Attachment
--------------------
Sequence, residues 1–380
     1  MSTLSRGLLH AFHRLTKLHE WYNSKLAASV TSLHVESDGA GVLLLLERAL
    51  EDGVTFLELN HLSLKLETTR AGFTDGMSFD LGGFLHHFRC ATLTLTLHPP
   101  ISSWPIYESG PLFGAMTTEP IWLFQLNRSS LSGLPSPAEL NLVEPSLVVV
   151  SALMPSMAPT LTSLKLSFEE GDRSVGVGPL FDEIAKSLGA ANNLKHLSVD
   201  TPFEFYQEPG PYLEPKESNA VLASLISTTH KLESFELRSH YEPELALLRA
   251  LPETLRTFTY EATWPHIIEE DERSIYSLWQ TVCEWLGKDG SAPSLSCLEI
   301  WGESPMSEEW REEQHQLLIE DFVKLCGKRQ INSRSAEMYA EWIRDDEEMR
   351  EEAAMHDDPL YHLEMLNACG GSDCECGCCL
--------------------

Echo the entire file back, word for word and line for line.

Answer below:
Sequence, residues 1–380
     1  MSTLSRGLLH AFHRLTKLHE WYNSKLAASV TSLHVESDGA GVLLLLERAL
    51  EDGVTFLELN HLSLKLETTR AGFTDGMSFD LGGFLHHFRC ATLTLTLHPP
   101  ISSWPIYESG PLFGAMTTEP IWLFQLNRSS LSGLPSPAEL NLVEPSLVVV
   151  SALMPSMAPT LTSLKLSFEE GDRSVGVGPL FDEIAKSLGA ANNLKHLSVD
   201  TPFEFYQEPG PYLEPKESNA VLASLISTTH KLESFELRSH YEPELALLRA
   251  LPETLRTFTY EATWPHIIEE DERSIYSLWQ TVCEWLGKDG SAPSLSCLEI
   301  WGESPMSEEW REEQHQLLIE DFVKLCGKRQ INSRSAEMYA EWIRDDEEMR
   351  EEAAMHDDPL YHLEMLNACG GSDCECGCCL